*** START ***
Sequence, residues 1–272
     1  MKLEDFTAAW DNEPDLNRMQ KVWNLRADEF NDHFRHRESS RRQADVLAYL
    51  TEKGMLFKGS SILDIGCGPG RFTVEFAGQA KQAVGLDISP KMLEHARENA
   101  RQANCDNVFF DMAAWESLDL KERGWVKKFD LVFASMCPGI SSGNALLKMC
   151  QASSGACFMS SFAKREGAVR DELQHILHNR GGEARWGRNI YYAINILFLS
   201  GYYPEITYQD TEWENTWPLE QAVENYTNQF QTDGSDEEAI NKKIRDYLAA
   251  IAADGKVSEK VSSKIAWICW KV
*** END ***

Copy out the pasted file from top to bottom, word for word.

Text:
Sequence, residues 1–272
     1  MKLEDFTAAW DNEPDLNRMQ KVWNLRADEF NDHFRHRESS RRQADVLAYL
    51  TEKGMLFKGS SILDIGCGPG RFTVEFAGQA KQAVGLDISP KMLEHARENA
   101  RQANCDNVFF DMAAWESLDL KERGWVKKFD LVFASMCPGI SSGNALLKMC
   151  QASSGACFMS SFAKREGAVR DELQHILHNR GGEARWGRNI YYAINILFLS
   201  GYYPEITYQD TEWENTWPLE QAVENYTNQF QTDGSDEEAI NKKIRDYLAA
   251  IAADGKVSEK VSSKIAWICW KV